Earlier this week, a caller to the Daily News office said that she’d received the mail-in ballot for the special primary election for Alaska’s congressional seat.
But, she wanted to know, where was the voter-information pamphlet with descriptions of the candidates?
The ballot lists 48 names, along with party affiliations. As a non-internet individual, she was hoping that a state voter pamphlet would be available to provide at least some further information to help her choose which candidate would receive her vote.
And voting is a right and responsibility that the caller, like many others, takes very seriously. During the conversation, we were able to verify that there isn’t a state voter pamphlet for this special primary election, either in paper or electronic forms.
To which the caller’s question was; “Why?”
For that we did not have an answer — but promised to ask that question of the Alaska Division of Elections.
With that, our conversation with a wonderful individual came to an end. And on Wednesday, we talked with Alaska Division of Elections Public Relations Manager Tiffany Montemayor.
She graciously explained that the division traditionally makes official election pamphlets for general elections. The process takes months, and the division already has started work on the pamphlet for the Nov. 8 general election.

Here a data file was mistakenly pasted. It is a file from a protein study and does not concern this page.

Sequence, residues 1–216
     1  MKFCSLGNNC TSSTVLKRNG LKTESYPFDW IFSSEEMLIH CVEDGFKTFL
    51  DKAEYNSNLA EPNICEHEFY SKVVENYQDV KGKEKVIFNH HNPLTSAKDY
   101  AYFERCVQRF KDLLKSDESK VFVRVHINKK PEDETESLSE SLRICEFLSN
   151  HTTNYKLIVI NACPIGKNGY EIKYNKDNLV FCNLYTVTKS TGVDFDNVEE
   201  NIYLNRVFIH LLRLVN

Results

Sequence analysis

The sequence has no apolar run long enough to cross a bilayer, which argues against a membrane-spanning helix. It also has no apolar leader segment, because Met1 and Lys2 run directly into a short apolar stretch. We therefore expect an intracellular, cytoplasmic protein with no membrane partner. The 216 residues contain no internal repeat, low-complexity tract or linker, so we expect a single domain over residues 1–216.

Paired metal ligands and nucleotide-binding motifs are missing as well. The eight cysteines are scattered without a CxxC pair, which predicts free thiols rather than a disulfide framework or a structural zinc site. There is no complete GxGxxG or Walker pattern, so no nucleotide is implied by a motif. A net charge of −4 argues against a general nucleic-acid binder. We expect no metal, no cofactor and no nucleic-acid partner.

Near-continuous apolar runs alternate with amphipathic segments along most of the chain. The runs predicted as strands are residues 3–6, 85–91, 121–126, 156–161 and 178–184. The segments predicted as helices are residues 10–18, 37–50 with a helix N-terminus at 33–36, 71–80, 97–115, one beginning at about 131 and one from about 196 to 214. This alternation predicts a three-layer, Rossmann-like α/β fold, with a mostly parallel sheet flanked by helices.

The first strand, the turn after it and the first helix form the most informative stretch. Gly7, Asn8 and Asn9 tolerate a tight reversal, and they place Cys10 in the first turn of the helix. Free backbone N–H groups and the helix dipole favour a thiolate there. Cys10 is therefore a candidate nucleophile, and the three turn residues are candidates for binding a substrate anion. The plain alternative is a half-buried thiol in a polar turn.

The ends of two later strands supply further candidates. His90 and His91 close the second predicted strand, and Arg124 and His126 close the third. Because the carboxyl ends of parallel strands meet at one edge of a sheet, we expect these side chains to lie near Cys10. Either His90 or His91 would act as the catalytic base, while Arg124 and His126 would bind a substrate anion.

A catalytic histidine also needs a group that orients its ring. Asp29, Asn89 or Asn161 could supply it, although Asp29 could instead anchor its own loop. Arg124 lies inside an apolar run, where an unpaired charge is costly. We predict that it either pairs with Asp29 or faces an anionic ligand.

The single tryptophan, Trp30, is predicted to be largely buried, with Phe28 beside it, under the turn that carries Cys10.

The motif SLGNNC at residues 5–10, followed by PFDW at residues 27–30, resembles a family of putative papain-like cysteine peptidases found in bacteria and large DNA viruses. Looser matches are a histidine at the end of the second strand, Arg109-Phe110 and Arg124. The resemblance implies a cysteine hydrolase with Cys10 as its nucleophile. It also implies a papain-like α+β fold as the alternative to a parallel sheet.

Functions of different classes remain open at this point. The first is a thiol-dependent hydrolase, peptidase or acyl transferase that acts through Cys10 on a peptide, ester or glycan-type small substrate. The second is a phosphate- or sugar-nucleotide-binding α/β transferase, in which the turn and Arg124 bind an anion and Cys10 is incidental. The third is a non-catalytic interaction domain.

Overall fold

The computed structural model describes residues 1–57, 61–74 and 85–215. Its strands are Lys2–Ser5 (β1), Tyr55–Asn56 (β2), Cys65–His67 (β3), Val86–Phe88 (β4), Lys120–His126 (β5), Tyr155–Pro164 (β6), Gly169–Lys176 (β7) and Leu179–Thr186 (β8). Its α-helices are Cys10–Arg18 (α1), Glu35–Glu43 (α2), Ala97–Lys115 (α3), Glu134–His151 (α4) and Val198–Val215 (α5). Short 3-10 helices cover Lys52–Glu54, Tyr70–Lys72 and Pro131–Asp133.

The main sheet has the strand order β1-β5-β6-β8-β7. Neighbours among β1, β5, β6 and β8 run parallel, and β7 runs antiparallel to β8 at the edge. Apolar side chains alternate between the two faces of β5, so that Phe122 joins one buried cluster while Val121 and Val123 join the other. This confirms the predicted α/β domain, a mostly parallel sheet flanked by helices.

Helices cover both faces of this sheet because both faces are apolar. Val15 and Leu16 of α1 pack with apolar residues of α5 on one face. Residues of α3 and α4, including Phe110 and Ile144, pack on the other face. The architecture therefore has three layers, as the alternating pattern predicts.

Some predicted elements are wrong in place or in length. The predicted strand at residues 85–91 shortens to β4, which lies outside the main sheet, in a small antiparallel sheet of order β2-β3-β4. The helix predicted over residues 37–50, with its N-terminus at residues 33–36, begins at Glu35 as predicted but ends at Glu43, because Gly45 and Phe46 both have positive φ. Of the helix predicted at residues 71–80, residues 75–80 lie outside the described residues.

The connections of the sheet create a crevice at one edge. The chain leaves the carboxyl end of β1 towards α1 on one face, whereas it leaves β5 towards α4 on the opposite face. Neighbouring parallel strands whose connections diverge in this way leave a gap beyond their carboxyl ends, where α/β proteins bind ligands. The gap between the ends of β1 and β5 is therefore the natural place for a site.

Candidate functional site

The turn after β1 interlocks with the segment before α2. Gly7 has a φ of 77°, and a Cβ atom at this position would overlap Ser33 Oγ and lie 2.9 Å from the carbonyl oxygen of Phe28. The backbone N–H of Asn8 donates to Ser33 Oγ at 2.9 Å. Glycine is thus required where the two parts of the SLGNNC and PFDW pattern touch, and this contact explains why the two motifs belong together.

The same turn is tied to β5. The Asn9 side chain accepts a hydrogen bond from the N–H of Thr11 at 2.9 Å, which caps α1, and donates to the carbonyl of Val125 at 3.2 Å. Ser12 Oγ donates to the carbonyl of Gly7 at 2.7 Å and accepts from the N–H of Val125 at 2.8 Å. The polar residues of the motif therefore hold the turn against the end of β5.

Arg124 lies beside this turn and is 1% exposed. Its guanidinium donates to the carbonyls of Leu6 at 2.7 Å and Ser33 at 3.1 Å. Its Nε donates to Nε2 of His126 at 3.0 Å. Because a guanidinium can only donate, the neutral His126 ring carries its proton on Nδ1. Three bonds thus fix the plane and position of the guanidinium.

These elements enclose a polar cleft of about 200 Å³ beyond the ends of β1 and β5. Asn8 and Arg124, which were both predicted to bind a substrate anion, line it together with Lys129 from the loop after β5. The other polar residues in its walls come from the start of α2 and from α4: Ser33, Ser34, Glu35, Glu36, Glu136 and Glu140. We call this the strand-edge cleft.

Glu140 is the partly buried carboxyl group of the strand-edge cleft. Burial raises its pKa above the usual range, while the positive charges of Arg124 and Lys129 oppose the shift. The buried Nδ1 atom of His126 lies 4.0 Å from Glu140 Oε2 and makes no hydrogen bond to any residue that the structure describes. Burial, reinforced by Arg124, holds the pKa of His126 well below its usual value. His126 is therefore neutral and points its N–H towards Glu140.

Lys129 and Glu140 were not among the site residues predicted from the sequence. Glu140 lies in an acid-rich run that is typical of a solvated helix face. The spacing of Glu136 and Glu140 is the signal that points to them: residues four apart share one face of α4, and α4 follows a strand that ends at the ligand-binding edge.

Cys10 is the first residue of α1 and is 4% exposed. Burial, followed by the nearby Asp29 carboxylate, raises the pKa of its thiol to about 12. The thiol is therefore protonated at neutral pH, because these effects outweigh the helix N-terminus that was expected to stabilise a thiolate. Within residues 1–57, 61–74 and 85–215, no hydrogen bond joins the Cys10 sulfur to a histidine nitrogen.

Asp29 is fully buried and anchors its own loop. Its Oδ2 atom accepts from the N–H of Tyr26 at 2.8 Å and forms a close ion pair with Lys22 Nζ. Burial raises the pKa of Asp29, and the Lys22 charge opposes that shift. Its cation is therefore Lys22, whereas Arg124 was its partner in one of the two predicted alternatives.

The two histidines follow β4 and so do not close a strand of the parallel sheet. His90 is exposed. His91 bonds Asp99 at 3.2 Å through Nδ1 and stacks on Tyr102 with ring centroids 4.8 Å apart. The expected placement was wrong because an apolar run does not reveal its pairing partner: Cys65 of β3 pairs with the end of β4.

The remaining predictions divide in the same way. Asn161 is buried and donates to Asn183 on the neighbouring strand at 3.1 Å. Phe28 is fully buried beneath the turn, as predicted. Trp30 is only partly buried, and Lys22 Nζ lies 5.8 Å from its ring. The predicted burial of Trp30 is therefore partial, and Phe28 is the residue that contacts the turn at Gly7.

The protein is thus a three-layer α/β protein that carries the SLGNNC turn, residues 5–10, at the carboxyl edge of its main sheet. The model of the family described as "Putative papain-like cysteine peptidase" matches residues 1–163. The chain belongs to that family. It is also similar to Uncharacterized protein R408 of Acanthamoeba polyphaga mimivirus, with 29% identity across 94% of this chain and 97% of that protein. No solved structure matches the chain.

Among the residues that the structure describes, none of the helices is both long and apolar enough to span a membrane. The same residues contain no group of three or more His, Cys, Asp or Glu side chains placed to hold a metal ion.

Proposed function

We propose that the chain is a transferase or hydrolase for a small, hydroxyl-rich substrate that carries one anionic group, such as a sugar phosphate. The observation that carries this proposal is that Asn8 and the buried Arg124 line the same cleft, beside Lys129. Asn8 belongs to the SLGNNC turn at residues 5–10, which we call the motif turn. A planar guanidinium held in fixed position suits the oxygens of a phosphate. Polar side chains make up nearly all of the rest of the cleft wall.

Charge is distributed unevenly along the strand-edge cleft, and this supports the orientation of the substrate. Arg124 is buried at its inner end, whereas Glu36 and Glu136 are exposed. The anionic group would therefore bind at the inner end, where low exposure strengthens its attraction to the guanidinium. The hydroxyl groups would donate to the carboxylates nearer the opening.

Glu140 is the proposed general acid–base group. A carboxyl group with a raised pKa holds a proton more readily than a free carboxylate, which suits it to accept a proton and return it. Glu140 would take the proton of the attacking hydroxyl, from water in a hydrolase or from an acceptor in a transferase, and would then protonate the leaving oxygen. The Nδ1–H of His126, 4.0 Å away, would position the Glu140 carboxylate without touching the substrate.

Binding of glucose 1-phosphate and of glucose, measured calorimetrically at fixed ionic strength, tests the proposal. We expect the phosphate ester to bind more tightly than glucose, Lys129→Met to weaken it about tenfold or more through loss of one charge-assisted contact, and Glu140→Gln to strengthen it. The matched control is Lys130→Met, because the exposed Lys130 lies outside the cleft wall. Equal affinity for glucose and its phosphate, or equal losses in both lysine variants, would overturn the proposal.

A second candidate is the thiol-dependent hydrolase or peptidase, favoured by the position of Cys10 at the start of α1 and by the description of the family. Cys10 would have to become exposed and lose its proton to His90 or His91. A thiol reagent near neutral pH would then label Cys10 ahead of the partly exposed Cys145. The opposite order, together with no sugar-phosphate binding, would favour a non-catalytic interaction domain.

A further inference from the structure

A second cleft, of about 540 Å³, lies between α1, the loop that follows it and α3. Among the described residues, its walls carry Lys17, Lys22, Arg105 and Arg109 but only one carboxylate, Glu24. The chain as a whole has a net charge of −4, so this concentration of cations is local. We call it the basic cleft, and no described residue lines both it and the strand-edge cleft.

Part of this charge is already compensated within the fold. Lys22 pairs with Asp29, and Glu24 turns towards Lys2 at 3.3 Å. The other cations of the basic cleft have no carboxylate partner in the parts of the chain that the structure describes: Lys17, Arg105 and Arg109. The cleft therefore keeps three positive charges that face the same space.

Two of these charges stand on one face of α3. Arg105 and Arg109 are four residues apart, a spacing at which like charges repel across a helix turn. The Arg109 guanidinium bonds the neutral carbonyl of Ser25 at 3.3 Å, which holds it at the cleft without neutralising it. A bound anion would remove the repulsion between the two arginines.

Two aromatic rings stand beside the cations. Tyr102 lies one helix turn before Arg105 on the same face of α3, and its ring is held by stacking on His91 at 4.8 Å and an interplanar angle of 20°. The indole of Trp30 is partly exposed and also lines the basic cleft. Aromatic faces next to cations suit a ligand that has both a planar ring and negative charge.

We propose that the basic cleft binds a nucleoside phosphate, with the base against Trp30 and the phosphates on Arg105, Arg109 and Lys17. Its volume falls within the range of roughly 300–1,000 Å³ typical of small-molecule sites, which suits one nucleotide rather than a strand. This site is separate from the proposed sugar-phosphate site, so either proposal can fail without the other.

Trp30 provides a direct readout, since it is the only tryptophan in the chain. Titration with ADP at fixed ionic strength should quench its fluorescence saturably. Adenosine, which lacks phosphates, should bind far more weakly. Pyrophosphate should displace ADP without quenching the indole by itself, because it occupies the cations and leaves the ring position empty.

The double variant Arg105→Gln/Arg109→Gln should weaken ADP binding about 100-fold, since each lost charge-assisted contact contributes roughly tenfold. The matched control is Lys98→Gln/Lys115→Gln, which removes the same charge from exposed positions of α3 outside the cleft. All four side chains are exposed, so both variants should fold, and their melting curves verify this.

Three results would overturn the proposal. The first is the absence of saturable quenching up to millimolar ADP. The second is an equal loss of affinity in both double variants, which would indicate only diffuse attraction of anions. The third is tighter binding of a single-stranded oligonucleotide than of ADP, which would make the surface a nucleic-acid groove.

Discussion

There was not enough time for the Division of Elections to make and distribute a pamphlet for this special primary election, Montemayor said.
For this special primary election, information about the candidates would have to come from other sources.
Over the years, we here at the Daily News have greatly appreciated the local candidates who’ve been diligent in participating in our candidate Q & A forums — and understand the difficulty in providing information and question responses for every candidate on even a local municipal ballot.
We can imagine the difficulties that the Division of Elections would have in wrangling information from 48 candidates and getting a pamphlet published in the available amount of time.
We appreciate the efforts of the Anchorage Daily News, which sent a Q & A inquiry to all 48 candidates regarding qualifications, why they’re running and their top priority if elected. A total of 33 candidates responded (the results are on the Anchorage Daily News website at www.adn.com).
However, this doesn’t help the caller, or many of the other voters seeking to cast an informed ballot in the special election.
Neither does the fact that few of the 48 candidates have the resources to reach out to voters statewide.
So, in the answering of one question, it’s clear that a solution isn’t likely for voters in this special primary election. Time to plan ahead to avoid a similar circumstance in the future.